One thing you’ll almost certainly notice in the Chronicles of Narnia is that, for a Christian series, there are a lot of beings from pagan mythology hanging out there. In addition to all the nymphs and fauns, there are wood-gods and river-gods, and even an appearance by Bacchus and Silenus.
John Goldthwaite is rather contemptuous of this in The Natural History of Make-Believe, writing, “What is a child to make, for example, of that passage in which Christ is seen sporting in the forest with an entourage of Naiads, Dryads, centaurs, and the like? Would he not conclude, if only unconsciously, that Christianity and Greek mythology are stories with equal claims to the truth, and perhaps even the same story in the end?”
I can’t say I’ve ever heard of a child becoming a pagan because they read the Narnia books. But then, despite C.S. Lewis’ obvious intentions, I’ve never heard of anyone becoming a CHRISTIAN because they read them, either. They’re popular with those who are already Christian, but does anyone go to church because of Aslan?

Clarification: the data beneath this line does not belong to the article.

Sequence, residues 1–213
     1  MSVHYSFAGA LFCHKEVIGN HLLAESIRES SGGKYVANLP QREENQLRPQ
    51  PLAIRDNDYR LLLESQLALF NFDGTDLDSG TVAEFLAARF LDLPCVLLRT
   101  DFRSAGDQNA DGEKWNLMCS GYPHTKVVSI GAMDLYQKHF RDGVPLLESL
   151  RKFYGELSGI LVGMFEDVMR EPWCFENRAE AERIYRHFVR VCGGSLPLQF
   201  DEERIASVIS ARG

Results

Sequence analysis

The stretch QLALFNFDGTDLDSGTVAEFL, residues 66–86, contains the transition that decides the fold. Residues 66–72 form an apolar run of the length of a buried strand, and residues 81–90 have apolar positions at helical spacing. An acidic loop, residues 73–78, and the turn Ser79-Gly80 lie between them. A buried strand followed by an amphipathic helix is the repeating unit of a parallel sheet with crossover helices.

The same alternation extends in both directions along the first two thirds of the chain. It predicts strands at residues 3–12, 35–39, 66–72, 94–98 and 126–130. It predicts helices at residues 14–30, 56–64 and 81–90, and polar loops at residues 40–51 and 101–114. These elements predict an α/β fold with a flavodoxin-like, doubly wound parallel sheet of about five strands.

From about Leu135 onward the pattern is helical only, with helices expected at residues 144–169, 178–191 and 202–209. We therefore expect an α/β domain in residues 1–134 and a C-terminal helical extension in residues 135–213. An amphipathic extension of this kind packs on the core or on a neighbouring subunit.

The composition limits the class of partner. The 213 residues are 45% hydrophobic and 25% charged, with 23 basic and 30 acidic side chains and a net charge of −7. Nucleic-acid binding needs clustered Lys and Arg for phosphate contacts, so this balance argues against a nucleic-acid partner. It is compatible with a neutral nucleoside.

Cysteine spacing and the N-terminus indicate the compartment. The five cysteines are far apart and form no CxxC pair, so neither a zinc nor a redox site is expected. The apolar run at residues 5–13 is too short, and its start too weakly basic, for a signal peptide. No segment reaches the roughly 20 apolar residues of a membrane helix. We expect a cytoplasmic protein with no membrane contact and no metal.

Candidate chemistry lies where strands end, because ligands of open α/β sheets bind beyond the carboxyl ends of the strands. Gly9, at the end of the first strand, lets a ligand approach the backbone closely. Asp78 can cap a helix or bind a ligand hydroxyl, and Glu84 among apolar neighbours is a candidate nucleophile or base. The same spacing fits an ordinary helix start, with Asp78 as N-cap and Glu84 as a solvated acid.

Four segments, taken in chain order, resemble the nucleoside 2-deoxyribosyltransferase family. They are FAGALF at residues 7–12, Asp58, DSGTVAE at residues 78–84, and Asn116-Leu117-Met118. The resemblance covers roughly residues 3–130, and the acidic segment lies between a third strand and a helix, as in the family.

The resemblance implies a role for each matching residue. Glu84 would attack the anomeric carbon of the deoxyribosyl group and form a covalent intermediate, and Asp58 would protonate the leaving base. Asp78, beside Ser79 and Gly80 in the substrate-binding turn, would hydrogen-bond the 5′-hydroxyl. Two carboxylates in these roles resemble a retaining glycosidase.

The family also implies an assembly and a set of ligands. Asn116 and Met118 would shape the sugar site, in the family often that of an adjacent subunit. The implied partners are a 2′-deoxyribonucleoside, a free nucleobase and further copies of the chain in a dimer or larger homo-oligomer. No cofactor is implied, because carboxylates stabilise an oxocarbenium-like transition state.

Now, I have to say that I’m a bit confused by why Lewis stuck so many different supernatural beings into Narnia. If Aslan is omniscient and omnipotent like the Christian God, why would he need help from Bacchus? And why is Father Christmas even in this alternate universe? I guess it’s possible that Narnia celebrates Christmas because its first rulers were English, but did Aslan create Father Christmas, or did he just sort of show up to personify the holiday?
That said, I think the fairy tale is somewhat inherently pagan. I mean, what is a fairy but a minor deity? Granted, not all fairy tales feature fairies, but even the ones that don’t often include some sort of supernatural assistance, quite frequently associated with an aspect of nature. Many of the versions of these tales that we have today, however, also include references to people saying their prayers and other Christian themes. The thing is, I think the form of paganism inherent in fairy tales is a non-religious paganism, if that makes any sense. Look at it this way. To the ancient Greeks and Romans, Dionysus/Bacchus was an object of worship, and hence a god in the religious sense. It’s rare, if not unheard of, to see anyone worshipping the supernatural helpers of the fairy tale world, though. And when Bacchus shows up in Narnia, he’s clearly subject to Aslan/Jesus, and isn’t really presented as a god in his own right. So no, I don’t think Lewis presents paganism as an equally valid religious path, but instead as a convenient place to obtain colorful characters. Now, Goldthwaite’s point that “by associating Christianity with a dead make-believe [Lewis] was implying to children that Christianity might itself be just a make-believe.” It’s just that, unlike Lewis and Goldthwaite, I don’t see this as a bad thing.